I don’t think it’s far-fetched to say that his words have had a huge effect on my life. I studied at NYU in a small school called Gallatin that allowed me to follow my interests and design my own degree. I found my way there after a fairly miserable first semester of sitting in classes of 500 trying to figure out why it was worth going to class if all that happened there was professors repeated everything from the reading we were assigned. Gallatin promised a chance to follow my interests and learn in classes of 30 instead of 300.
I started out interested in city planning, eventually moving to education, cultural studies and landing on a fascination with media (Gallatin let you rewrite your area of study each semester, so these changes were much more natural evolutions rather than abrupt changes). In my junior year I took two classes on digital media, one with Stephen Duncombe and another with a professor whose name I can’t remember.
Both classes had McLuhan on the syllabus and offered me my first real taste of the legendary thinker. I was interested in the internet at that point, but I wouldn’t say I was quite obsessed in the way I am now. But as I read McLuhan for the first time and tried to understand the world he was outlining I could only see the digital media that surrounded me (this, of course, was the point of the class, which looked at the cultural impact of technology). Something about his words stuck with me and drove me to want to be involved with understanding how and why people behave the way they do and how media and technology changes that. Of course there were other writers whose words encouraged me (Walter Ong, who I recently learned was a McLuhan disciple, is one who especially sticks out).
McLuhan always offered clarity to me in a way that I didn’t find anywhere else. When I try to understand almost anything I think about his point about the medium is the message and understanding the underlying effects of media and technology on people, not just the more obvious surface impacts.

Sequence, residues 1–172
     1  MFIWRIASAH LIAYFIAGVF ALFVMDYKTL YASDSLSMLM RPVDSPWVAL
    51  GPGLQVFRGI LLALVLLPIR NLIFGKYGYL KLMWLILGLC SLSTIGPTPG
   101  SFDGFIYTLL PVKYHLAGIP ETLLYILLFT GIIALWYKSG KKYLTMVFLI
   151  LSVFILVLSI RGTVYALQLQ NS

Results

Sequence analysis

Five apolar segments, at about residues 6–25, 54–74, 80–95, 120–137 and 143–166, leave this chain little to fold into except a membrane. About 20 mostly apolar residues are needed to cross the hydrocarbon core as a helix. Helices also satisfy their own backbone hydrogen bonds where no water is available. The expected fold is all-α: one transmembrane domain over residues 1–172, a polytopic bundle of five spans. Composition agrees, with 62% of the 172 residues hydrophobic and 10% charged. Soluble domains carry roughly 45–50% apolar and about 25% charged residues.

Recently I read Douglas Coupland’s new biography of McLuhan called You Know Nothing of My Work!, a familiar quote to any Annie Hall fans. What struck me most about the stories of McLuhan was a point about his ability to keep morals out of his conversations about media. Coupland explains, “Morality often impedes free thinking. Moral indignation is a salve for people unable or unwilling to try to understand. Again the maelstrom: understand your world and detach from it, or be drowned by it.”
When I read that I immediately began to understand why I become so offended by arguments like the one Eli Pariser makes about filters. It’s not that I disagree, I too think it’s hugely important that people try to understand how they are effected by the technology they interact with, but Pariser seems to take it a step further, trying to demonize algorithms. Algorithms are not bad. Neither is television, Facebook, mobile phones or videogames. They’re not good either. They just are.
One of my favorite arguments to get in to is about whether email is better than in-person communication. (The fact that I have a favorite argument isn’t lost on me, don’t worry.) It’s an easy one to get in to and most people immediately jump to the defense of face-to-face communication, explaining that it’s better than email. I then agree, that sometimes it’s better than email, but also that you can’t place value judgement on media. Email provides things face-to-face communication never could like immediacy. If you live in New York and want to check on the status of an order in Japan it hardly seems worth flying a few thousand miles and turning back around. Neither one is good or bad, they are situational and important and both carry their own messages that can’t be ignored.
Because McLuhan seemed to be defending this new-fangled media he often got labeled as a champion of technology. But he didn’t, and Coupland even mentions that the very religious McLuhan believed that because of all this new media the world would likely be struck down by God. But he never let that slip in. Coupland explains his writing is still so relevant today:
Marshall was also encountering a response that would tail him the rest of his life: the incorrect belief that he liked the new world he was describing. In fact, he didn’t ascribe any moral or value dimensions to it at all–he simply kept on pointing out the effects of new media on the individual. And what makes him fresh and relevant now is the fact that (unlike so much other new thinking of the time) he always did focus on the individual in society, rather than on the mass of society as an entity unto itself. It was Marshall’s embrace of the individual–a poetic and artistic, highly humane embrace–that has allowed the reader (then and now) to enter his universe. There are, perhaps, no practical political, religious, or financial applications to Marshall’s work. It could even be argued that it should be seen as a rarefied artifact unto itself, an intricate and fantastically ornate artwork that creates its own language and then writes poetry with it. And what would be wrong with that? Art is art. And an artist, according to Marshall, is someone on the frontiers of perception, who looks at information overload with the goal of pattern recognition, to see things before anyone else.
Happy Birthday Mr. McLuhan. Thanks for helping me think about the world.